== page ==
ALBANY -- This year, the concept of a person keeping up with their shots has added meaning.
During the last several months, uncertainties about H1N1 have frustrated medical professionals and the general public alike, but health officials say only one fact has remained unchanged -- the best protection is to get vaccinated.
National Influenza Vaccination Week, which runs through Saturday, has been designed to promote just that.
"The goal is to uptake the H1N1 flu vaccine," said Sue Dale, immunization coordinator for the Southwest Public Health District. "We would like everyone to get the seasonal flu and H1N1 vaccine.
"We just want to prevent disease."
This observation is typically conducted in October when flu activity is normal. Due to the unusual circumstances, the Centers for Disease Control and Prevention opted to do things a little differently, Dale explained.
"This year we have been promoting it throughout," she said. "The situation has changed. Flu is so unpredictable."
During a typical flu season in south Georgia, diseases would start to appear in late December and peak in February, experts say.
"We haven't even gotten to the peak we usually see," Dale said. "This has been so different."
The number of Americans getting flu shots often plummets after the holidays, but with more than 130 million doses of H1N1 vaccine available in the U.S. and flu activity slowing down in parts of the country, people who haven't gotten vaccinated yet have a window of opportunity to protect themselves and their loved ones.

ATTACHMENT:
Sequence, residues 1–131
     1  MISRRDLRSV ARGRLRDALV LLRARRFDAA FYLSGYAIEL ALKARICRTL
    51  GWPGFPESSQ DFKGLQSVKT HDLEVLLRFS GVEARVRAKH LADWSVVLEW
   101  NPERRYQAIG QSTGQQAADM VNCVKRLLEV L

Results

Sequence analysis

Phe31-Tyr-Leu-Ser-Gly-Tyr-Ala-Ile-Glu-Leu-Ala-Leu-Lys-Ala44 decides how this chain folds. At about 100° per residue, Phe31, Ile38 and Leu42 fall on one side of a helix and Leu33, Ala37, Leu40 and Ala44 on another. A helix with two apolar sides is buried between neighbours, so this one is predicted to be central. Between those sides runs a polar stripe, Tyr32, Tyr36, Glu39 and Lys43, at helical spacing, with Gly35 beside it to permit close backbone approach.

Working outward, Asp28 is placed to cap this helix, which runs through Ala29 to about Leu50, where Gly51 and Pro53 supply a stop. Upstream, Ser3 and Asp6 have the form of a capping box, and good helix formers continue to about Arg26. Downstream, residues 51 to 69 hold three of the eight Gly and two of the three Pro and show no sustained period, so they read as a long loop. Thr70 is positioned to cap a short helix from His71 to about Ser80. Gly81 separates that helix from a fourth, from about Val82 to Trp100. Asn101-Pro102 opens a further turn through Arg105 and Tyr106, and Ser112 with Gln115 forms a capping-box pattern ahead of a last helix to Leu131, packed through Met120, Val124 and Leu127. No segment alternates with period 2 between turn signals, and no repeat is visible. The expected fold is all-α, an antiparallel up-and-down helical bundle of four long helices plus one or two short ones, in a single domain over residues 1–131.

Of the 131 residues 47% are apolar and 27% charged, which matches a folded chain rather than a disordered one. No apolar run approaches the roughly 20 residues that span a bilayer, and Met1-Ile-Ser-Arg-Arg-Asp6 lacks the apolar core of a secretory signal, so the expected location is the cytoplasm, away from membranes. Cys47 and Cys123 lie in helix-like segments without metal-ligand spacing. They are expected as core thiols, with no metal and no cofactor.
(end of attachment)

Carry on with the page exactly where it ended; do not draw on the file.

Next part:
While the rate of illness has declined somewhat, the pandemic is continuing to cause sickness, hospitalizations and deaths, officials say.
"The incidence of disease has slowed, but there is the possibility of another wave," Dale said.
Dale said Dougherty and Colquitt counties still have seasonal flu vaccine left, while other counties in the district have less. Officials started giving the seasonal flu inoculation in September, which is rare.
"I've been here for 20 years, and since I've been here we have never started giving the seasonal flu vaccine out before October," she said.
Those at increased risk of serious complications from the H1N1 virus are pregnant women; children and adults less than 25-years-old; health care and emergency medical service providers and; adults aged 25 to 64 with underlying medical conditions.
The H1N1 vaccine is readily available at area county health departments, other health care providers and retail pharmacies. As of Dec. 31, there were 2,000 doses of the nasal midst and 8,000 of the adult injectable form still remaining within the health district.
"We are constantly moving it around (the district)," Dale said. "Some counties are not seeing much (interest in the inoculation), some are seeing steady traffic."
For more information about immunizations, residents are encouraged to contact their local county health department or go online to www.southwestgeorgiapublichealth.org.